On our registers: Robert Burns’ cottage

Blog by Laura Brown, Social Media Manager.

As the celebrations for Burns Night approached, we decided to delve into our archives and see what we could find on our land and property registers about Scotland’s national bard.

This may seem like a random task for us at the Registers of Scotland (RoS) to be ticking off during the work day… You might think we only focus on things like registration and house prices, but our organisation actually boasts over 400 years of history! In 2017 we celebrated the anniversary of the world’s oldest land register — the General Register of Sasines — and you can find out how we marked the occasion on our website.

Burns Cottage in Alloway, Ayrshire
Burns Cottage in Alloway, Ayrshire

So, with this historic inspiration, myself and my colleague Innes began searching for leftovers of the life of Robert Burns in our archives so that we could share a snippet with you folks! Here’s what we found.

Using our online services to discover Scotland’s history

Did you know that ScotLIS — Scotland’s land and information service — allows you to access the mass of publicly available data on the Land Register of Scotland, the General Register of Sasines? If you fancy doing this yourself you can log in using your Registers Direct credentials (if you’re already an online services customer) or you can sign up using our request form.


Our mission? To discover the oldest online record that made reference to Burns Cottage. This is the house where Robert Burns was born back in 1759 in Alloway, Ayrshire. Innes and I weren’t entirely sure that there would even be any record on either the Land or Sasine Register. Sometimes, when a building is passed down through generations of family members and then onto the ‘Scottish Ministers’ (i.e. Historic Environment Scotland) or a charity like the National Trust for Scotland, it doesn’t make that much of a mark on the registers… Which means it’s harder to trace its history.

We got lucky: there was a mention of Burns Cottage on the General Register of Sasines dating from 2008. Not quite as old as I was hoping, but it sent us on the right path. In 2008, there was a transfer from the Burns Monument Trust to the National Trust for Scotland for places of historic interest [and] natural beauty’. And although dating from less than a decade ago, this search sheet pointed us in the right direction. To discover more about Burns, we’d have to delve deeper into the ‘First Series’ of the Sasine Register.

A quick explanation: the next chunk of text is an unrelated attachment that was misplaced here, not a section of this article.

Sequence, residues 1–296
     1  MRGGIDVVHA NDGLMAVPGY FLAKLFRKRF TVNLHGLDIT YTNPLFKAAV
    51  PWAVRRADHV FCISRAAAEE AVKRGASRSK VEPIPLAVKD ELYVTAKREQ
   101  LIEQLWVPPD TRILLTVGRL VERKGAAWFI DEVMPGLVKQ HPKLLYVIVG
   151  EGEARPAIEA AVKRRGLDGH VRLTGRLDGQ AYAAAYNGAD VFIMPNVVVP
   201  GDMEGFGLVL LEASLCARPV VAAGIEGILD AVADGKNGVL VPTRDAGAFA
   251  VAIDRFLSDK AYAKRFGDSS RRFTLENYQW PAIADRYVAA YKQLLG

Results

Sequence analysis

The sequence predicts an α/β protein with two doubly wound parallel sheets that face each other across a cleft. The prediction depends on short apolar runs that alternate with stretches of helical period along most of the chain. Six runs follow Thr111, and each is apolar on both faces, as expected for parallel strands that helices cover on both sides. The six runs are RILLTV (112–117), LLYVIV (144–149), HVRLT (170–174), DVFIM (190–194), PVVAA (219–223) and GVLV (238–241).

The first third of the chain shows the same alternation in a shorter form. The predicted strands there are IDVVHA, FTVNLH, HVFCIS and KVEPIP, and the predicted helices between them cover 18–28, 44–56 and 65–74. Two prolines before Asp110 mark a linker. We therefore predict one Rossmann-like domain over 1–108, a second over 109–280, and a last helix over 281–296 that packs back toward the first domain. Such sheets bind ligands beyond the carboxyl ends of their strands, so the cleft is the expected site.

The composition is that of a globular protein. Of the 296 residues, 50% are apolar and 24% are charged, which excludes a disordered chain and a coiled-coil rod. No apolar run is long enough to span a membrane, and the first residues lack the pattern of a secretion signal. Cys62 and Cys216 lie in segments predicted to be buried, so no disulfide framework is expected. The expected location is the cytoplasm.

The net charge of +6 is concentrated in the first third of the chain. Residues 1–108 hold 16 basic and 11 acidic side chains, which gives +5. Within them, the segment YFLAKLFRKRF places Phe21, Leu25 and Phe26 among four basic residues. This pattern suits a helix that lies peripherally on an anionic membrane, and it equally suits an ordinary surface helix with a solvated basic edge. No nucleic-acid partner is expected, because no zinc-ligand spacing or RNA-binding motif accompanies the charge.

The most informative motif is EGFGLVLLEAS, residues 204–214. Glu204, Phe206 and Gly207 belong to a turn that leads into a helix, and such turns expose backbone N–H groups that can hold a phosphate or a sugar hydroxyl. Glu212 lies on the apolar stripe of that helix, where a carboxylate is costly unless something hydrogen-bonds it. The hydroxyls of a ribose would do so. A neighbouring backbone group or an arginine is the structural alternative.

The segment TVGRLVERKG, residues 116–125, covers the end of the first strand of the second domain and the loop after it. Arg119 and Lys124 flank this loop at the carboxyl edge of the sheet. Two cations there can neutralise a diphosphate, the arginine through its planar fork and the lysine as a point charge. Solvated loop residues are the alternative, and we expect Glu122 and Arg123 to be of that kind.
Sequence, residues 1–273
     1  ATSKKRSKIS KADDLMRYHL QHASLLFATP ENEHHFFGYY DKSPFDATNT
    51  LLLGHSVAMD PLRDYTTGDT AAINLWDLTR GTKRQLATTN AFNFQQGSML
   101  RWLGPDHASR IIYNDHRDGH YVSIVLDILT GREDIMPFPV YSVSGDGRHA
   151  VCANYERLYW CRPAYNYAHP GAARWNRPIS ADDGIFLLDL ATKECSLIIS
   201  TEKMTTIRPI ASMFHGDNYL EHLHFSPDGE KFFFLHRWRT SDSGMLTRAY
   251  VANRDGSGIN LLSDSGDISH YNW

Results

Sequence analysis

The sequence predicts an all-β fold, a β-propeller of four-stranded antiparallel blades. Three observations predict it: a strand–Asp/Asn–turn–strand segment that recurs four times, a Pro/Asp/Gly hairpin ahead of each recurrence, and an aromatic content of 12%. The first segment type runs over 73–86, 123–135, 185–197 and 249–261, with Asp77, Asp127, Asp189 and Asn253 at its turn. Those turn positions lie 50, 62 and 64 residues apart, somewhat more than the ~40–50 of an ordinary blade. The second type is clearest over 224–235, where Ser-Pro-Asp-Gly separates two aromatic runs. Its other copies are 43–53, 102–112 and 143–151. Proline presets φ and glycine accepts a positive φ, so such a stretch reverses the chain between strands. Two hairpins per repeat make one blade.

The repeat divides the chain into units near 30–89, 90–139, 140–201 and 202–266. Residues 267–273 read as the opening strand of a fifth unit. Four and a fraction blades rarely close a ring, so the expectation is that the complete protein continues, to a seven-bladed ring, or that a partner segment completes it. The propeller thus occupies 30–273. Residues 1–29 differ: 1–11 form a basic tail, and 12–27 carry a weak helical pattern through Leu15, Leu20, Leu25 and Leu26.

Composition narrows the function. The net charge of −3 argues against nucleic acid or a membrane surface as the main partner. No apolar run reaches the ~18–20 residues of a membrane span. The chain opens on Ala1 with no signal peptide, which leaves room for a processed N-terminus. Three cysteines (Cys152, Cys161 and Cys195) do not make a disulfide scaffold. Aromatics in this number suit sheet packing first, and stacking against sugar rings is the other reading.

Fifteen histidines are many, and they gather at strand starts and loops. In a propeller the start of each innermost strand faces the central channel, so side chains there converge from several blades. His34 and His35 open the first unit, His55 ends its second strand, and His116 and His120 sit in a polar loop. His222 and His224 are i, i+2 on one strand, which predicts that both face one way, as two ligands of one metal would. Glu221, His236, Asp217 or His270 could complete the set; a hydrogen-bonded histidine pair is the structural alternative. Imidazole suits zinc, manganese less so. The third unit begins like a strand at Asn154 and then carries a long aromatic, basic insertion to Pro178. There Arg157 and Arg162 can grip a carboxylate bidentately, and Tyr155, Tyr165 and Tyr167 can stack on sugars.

Exploring Scotland’s oldest land registry documents

Being pointed towards the First Series search sheets was like gold dust; we knew we were onto something really old. For the next stage of our search, Innes opened the Back Office Production System (BOPS) which houses historical information from the General Register of Sasines. And guess what? After following the footprints the Second Series search sheets had left us, Innes found a reference to Burns Cottage. Take a look at a snapshot of the search sheet below:


You’ll see that this search sheet dates from 1881, where it reads:

1881 May 28. Disp. by the Deacon and other members of the Incorporation of Shoemakers… for behalf of the subscribers to the monument erected to the memory of Robert Burns the Ayrshire Poet at Alloway, near Ayr. Dated 24, 25 & 26 1881.

Basically what this shows is the Incorporation of Shoemakers selling Burns Cottage to the trustees of Burns Monument Trust. This was exciting to find, though not quite as exciting as linking the property with Rabbie himself… But that was to come. This selling of the property directly relates to the written history you can discover on UndiscoveredScotland, where it describes how Burns’ father William leased the cottage to the Shoemakers (who used it as an alehouse).

And then we looked closer.

About a week after we’d done that recce of the Sasine Register‘s oldest documents, I reopened the screenshot to schedule in some social media coverage of what we found. But I noticed something:


On the very left hand side of the search sheet, in the smallest scrawl you could dream up, there was a date. 1756. I looked closer, straining my eyes on the computer screen:

Feu. William Burns, 25 June 1756. Disp. by … to Shoemakers Incorp 8 Sept. 1781.

How had I not noticed before? This was history right in front of me and finally, an actual mention of a Burns! This search sheet chronology was proof of William, Robert’s father, purchasing (‘feu’) the land that Burns Cottage was subsequently built on back in the 1750s. Then, a few years later, one of Scotland’s most famous sons was born.

Fancy visiting Burns Cottage?

If the romance and intrigue of Burns’ poetry – and the historical ties to the places he lived, especially in Alloway and Dumfriesshire – are piquing your interest enough to pay a visit, find out more about Burns Cottage on the official website.


And finally, have a read at the main search sheet description of Burns Cottage where the Bard lived for the first seven years of his life:

The subjects consisting of Burns Cottage, and lands adjoining, with the houses thereon described as 18 … of ground, bounded on the south east by the road from S… to Bridge of Doon and on the south west by a new made road from Alloway along the Sergeant’s B…. in Barony of Alloway.

P.S. Did you know that Robert Burns was also a land surveyor? Have a look at this intriguing article on the RICS website.

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